2022 Iowa Heartlanders vs Rapid City Rush

Heartlanders' Cole Stallard Makes Smooth Landing In ECHL

Heartlanders' Cole Stallard Makes Smooth Landing In ECHL

Stallard spent the last few seasons in the SPHL, but recently got the call up from the Heartlanders. Fulfilling a professional and personal goal.

Jan 7, 2022 by Mike Ashmore
Heartlanders' Cole Stallard Makes Smooth Landing In ECHL

It was the phone call that Cole Stallard had been waiting three years for, and it couldn’t have come at a worse time.

But that wasn’t going to stop him from finally getting his chance in the ECHL.

“It was quite the experience, definitely not how I expected my first call-up to go,” Stallard told FloHockey via cell phone.

The 27-year-old Stallard was with the Southern Professional Hockey League team, the Evansville Thunderbolts, between stops on a road trip. The SUNY-Plattsburgh alum was getting ready to get breakfast with his teammates when Iowa Heartlanders assistant coach Derek Damon gave him a call, asking if he could come join the team in Cincinnati.

Of course. A “no-brainer,” as Stallard put it. 

There was only one problem.

“I was in Vermillion County, in Danville, Illinois, and of course I’d love to go play, but we were quickly trying to figure the logistics of how I’d get out to Cincinnati,” he said. 

“I don’t know if you know anything about Danville, but there is nothing in that place at all. They were wanting me to try to set up a rental car for me so I could drive out there, but there was nothing in the area; they were either all closed or they just didn’t exist when I looked it up. I tried to find an Uber, and there was nobody who did Uber or Lyft in that town, which was kind of hard to believe. But, I was able to find this cab service where this nice lady was kind enough to take me three hours from Danville all the way to Cincinnati. We got that lined up probably right around 1:30, and at 2 o’clock, I was in the car with her.”

They made the three-hour drive, getting there well in advance of the scheduled 7 p.m. puck drop that night. It wasn’t that easy, of course. Nothing ever is these days.

He had to fill out paperwork, get his physical done and go through other league protocols, so he wasn’t even able to take on-ice warm ups with the team prior to his first-ever ECHL game.

Other than that? A perfectly normal day. And, since then? Truthfully, a pretty normal stay with the Heartlanders, which has provided the kind of roster stability and steady production—he’s potted eight points in his first 19 games—that’s been exactly what the team was looking for.

Not bad for a kid who’d spent the entirety of his pro career in the SPHL, waiting for 

the phone to ring after solid seasons with the Birmingham Bulls in which he’d scored 39 points in his first 70 career games.

“It’s definitely something that’s always been on my mind,” said Stallard of a potential call-up to the ECHL. 

“Even in my first year, when I was in Birmingham, I was getting told a lot that my time would come, my opportunity would come, things like that. And then, next thing, we get towards the end of the season and COVID happened and canceled our season. At that point, I’ve always been looking towards the next year and seeing how things would pan out…I was grateful to still play last year and have a place to play during that time. Even in that weird situation though, I’m still thinking about trying to get to the next level even though it was probably twice as hard at that time. But, I’ve always wanted to get to the (ECHL), because I’ve always felt like I could play at this level.”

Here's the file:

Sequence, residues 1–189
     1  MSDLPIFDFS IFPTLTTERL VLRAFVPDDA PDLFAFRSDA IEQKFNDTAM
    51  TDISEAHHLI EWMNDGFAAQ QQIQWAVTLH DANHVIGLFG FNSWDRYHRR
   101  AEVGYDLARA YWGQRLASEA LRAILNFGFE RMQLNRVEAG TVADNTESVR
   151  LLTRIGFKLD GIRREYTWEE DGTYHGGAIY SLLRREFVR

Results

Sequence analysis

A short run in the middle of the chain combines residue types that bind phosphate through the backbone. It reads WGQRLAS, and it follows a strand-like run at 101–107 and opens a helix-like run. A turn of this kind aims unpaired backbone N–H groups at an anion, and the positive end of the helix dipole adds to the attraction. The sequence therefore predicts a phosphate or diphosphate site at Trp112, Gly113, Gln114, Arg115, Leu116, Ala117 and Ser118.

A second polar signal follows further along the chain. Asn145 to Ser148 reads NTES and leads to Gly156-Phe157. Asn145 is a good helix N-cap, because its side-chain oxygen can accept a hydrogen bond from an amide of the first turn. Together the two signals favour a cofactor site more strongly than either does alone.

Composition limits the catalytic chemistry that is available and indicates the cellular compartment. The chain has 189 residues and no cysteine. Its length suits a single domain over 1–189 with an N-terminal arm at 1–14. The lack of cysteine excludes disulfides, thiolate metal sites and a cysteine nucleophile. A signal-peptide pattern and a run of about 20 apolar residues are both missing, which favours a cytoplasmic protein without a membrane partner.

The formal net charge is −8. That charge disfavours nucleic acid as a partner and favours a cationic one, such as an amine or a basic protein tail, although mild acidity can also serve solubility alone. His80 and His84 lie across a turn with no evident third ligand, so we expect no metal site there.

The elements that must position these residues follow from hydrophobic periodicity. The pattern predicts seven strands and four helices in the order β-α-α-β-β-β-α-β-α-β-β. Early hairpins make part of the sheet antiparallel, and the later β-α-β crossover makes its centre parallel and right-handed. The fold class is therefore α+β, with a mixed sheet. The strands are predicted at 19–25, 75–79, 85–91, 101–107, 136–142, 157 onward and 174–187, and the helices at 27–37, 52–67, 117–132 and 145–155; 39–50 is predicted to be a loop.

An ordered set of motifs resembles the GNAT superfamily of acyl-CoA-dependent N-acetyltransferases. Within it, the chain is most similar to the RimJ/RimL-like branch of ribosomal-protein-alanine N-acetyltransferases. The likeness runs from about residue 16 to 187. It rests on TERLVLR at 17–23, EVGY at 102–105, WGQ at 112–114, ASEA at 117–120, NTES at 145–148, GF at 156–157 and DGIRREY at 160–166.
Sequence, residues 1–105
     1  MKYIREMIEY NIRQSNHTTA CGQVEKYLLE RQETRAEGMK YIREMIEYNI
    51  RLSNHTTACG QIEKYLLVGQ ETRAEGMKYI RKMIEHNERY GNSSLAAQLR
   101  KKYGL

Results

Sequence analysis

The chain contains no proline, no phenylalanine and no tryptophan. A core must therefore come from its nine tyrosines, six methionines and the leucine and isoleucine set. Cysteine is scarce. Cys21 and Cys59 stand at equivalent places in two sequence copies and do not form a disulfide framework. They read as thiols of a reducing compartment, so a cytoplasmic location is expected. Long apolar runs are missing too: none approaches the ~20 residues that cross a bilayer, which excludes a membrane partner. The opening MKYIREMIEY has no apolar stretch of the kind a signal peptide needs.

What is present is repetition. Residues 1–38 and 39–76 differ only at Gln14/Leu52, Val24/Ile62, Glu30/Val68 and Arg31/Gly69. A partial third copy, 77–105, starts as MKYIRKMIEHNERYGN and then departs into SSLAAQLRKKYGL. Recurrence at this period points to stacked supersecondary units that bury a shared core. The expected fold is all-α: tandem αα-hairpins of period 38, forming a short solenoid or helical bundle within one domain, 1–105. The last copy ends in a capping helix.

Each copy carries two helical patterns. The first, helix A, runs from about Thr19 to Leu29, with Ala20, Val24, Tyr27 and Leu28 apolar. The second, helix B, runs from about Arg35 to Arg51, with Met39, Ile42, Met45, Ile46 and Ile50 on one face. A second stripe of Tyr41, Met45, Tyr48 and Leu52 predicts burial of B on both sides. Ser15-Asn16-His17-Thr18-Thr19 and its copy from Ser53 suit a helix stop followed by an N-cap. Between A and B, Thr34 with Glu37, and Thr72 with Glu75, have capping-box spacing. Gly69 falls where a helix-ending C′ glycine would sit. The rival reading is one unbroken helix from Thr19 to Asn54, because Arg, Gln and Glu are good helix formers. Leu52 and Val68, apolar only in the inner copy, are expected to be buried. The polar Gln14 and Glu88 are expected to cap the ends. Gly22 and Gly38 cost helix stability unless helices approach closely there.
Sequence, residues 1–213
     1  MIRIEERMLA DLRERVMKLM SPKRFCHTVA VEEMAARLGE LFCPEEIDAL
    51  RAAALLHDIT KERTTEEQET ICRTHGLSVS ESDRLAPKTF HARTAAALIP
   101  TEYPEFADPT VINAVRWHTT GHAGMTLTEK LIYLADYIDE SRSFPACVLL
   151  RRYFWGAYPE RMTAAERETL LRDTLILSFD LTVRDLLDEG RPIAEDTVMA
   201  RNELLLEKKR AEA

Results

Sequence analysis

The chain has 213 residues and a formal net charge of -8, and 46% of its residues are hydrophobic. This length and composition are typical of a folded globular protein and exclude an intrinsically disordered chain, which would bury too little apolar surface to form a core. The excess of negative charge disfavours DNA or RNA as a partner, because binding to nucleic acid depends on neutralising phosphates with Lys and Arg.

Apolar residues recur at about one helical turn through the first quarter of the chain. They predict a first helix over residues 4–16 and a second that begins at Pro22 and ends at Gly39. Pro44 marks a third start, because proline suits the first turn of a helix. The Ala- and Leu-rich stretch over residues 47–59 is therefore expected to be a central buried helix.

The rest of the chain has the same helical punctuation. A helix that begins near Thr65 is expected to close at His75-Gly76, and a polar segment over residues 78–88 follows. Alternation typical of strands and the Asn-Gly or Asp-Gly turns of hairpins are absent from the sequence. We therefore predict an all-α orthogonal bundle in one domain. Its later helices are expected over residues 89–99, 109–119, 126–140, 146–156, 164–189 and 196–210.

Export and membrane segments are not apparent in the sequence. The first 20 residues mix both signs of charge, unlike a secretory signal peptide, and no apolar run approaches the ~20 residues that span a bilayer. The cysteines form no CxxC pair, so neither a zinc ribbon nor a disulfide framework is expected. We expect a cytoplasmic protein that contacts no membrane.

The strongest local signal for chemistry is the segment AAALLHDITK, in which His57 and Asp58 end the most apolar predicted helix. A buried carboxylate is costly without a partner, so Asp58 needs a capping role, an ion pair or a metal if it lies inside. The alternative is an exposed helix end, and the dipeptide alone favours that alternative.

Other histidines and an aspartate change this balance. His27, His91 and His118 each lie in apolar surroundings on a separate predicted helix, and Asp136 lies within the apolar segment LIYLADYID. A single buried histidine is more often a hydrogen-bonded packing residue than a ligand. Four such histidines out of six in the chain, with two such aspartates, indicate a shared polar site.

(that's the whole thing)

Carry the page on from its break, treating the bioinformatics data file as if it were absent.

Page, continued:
So far, he’s proven himself right, sliding into one of the league’s two expansion teams, earning quality minutes at a higher level.

“You’ve got to just dive in,” he said. “At this point, I feel like I’ve adjusted really well, and I love it here in Iowa. It’s a great place to play, I don’t have one bad thing to say about playing here, that’s for sure. It’s been a big jump; the pace of play is quicker, everything is a little bit more clean out there with plays from zone-to-zone. You’ve got AHL guys coming down, and you can obviously see the difference in the hockey IQ that guys have at this level.”

After years of simply trying to get to the ECHL, Stallard has arrived, taking the road less traveled to do it.


Now that he’s seemingly gotten up there and stuck, however, the goals have changed. 

“When I first started, I gave myself a three-year period to see what would happen with my hockey career playing pro,” Stallard said. 

“With COVID happening, it makes you re-evaluate a little bit, because it messed up a whole year for everyone. But for me, my whole goal was to see how far I could get, and after that time period, re-evaluate and see if it makes sense to keep playing… Now, I’d love to stick here, but even to get to the next level, that’s always something that’s on your mind and something you want to reach towards, absolutely.”